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Prohibition, of guns, alcohol, or anything


Regular Member
Aug 25, 2007
the meanest city in the stupidest state
I just watched the PBS documentary Prohibition. I highly recommend it based on the maxim that those who don’t learn history are doomed to repeat it.

On the one hand, I’m inclined to start a collection to send a DVD copy to every anti-2A organization to show them what would happen if they ever got their wish of prohibiting firearms. On the other hand, I’m afraid there might be one or two people among them who are smart enough to learn lessons from it and become even more dangerous.

My takeaways:

1. Laws depend on support from the general public. Without that support, law enforcement can’t function effectively. It’s the classic irregular warfare scenario—when the populace supports the insurgents, the occupiers can’t win. Only when the public has decided that “enough is enough” and turn against the insurgents do the occupiers stand a chance. (That’s why Obama is flogging his mass shooting myths—he’s trying to get people to say “enough is enough”.)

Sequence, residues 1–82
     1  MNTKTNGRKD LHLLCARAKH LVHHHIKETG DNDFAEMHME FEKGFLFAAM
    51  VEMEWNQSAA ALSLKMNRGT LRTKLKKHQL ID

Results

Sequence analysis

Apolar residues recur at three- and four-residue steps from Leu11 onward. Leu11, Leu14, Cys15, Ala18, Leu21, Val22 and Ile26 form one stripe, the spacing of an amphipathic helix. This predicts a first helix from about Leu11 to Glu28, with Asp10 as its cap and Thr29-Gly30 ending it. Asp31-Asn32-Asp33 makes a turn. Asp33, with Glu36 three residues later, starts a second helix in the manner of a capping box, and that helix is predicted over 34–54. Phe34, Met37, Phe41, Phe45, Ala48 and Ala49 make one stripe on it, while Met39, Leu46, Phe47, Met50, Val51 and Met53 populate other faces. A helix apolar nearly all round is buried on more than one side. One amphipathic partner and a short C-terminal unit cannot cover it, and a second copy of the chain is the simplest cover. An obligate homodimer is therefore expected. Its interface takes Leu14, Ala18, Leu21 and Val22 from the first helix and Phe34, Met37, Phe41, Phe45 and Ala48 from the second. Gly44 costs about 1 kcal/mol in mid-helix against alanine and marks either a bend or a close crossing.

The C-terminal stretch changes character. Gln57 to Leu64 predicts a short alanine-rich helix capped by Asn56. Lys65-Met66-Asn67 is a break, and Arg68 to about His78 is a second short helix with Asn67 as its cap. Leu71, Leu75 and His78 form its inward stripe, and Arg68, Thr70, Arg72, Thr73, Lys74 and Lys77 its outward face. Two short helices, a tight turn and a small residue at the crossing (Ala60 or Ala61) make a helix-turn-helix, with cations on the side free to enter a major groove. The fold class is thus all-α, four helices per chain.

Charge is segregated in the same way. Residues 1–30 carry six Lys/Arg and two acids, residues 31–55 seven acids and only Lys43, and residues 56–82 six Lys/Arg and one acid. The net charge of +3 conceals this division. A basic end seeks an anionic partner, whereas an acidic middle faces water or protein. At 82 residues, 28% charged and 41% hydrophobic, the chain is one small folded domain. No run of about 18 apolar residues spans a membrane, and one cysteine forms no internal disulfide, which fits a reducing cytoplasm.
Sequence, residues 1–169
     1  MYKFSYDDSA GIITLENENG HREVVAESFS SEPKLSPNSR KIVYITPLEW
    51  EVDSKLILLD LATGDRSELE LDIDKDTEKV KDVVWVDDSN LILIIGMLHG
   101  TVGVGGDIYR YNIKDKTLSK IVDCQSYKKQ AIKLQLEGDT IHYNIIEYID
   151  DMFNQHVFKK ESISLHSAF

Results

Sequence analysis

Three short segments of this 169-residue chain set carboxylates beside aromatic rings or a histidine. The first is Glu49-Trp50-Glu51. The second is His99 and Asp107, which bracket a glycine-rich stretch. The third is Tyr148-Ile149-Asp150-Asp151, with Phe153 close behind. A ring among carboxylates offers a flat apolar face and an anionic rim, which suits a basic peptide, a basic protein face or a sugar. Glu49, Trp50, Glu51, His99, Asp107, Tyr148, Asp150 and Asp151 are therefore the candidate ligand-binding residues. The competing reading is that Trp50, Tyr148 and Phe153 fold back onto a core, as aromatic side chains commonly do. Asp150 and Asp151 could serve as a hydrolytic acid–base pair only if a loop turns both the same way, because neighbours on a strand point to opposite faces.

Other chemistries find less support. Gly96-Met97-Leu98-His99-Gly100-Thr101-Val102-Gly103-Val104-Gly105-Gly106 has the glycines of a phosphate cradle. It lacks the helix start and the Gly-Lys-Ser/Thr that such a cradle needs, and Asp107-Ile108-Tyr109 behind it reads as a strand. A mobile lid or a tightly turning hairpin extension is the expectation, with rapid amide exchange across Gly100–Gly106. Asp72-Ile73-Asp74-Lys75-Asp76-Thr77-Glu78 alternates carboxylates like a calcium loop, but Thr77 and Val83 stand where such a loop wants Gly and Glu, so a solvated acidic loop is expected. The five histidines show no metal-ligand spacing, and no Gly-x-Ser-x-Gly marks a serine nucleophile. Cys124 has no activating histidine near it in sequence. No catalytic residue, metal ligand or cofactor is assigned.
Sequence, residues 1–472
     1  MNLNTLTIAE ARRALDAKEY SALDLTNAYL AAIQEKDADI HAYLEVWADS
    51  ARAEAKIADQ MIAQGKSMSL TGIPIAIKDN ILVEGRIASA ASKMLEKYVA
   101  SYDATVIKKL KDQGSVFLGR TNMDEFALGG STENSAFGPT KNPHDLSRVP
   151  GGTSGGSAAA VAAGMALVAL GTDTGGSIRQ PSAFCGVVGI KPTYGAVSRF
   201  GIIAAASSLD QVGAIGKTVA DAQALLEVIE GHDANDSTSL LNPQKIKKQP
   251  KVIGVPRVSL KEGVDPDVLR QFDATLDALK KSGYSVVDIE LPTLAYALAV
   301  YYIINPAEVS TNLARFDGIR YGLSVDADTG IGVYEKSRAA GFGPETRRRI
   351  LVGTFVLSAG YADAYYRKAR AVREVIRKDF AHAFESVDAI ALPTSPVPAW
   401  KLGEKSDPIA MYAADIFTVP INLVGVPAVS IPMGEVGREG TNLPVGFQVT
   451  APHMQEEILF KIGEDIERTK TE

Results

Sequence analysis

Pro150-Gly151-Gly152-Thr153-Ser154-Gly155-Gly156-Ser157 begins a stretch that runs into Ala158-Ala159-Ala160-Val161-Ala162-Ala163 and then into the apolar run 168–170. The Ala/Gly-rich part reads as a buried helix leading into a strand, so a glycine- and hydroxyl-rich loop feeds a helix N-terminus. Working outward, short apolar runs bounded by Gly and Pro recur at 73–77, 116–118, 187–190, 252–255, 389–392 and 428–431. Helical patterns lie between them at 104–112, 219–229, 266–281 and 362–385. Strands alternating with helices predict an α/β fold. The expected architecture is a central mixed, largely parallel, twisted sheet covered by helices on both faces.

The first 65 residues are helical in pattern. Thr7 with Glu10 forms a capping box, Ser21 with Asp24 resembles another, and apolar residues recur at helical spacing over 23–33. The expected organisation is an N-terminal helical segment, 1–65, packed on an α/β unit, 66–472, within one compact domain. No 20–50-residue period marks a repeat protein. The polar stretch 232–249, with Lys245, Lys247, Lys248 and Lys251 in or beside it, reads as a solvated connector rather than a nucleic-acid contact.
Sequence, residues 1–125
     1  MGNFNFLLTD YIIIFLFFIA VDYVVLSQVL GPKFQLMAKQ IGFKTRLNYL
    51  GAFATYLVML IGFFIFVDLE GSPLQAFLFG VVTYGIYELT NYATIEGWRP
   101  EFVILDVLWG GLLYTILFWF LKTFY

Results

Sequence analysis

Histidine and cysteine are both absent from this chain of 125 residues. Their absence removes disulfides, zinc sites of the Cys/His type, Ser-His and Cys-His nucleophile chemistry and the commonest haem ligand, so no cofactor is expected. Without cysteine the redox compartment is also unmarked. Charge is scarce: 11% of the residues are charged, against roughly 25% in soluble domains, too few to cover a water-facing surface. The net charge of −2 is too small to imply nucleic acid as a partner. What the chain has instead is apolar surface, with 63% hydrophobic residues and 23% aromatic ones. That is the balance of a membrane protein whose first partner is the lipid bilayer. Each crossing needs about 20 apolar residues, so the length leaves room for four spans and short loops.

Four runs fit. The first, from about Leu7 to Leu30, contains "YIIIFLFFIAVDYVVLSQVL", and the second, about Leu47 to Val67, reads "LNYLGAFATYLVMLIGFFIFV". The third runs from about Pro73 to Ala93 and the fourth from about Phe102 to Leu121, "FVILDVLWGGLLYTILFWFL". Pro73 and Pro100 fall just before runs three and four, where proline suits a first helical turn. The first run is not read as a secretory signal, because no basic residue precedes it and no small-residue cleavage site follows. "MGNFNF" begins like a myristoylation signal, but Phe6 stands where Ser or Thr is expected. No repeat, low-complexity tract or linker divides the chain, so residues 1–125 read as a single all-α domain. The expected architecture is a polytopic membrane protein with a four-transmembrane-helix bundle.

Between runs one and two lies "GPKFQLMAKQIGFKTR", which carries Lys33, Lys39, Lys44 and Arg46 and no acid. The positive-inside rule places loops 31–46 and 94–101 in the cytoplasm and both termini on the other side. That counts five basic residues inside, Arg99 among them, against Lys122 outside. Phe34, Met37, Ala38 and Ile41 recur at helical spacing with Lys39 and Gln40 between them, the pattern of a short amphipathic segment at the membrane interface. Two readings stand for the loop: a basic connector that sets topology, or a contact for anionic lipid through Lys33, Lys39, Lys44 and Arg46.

2. Banning something which a large segment of the population wants leads to a black market and associated crime; this should surprise no one. Witness the “war on drugs.” But it also inevitably leads to corruption in government. Since government and law enforcement agencies are a microcosm of the larger population, there will be supporters within those agencies who will undermine the ban (whether for moral reasons or for personal gain). The uneven and ineffective enforcement that results leads to further public disillusionment about the ban. Result: feedback into #1.

3. Prohibition tends to energize people who previously weren’t strong supporters of the thing being banned, but object to an over-reaching government telling them what they can or can’t have. It can even convert people who object to the thing being banned (alcohol, drugs, abortion, etc.) but believe it’s a matter of personal responsibility and not government edict. It awakens the contrarian streak in otherwise non-activist people, making them supporters. More feedback into #1 above.

4. There’s actually a lot more control over something when it’s allowed and regulated/taxed than when it’s completely prohibited. (This is the lesson I’m afraid the antis might learn. As long as they’re advocating a total ban they’re fighting history.)

Anyway, Merry Christmas all!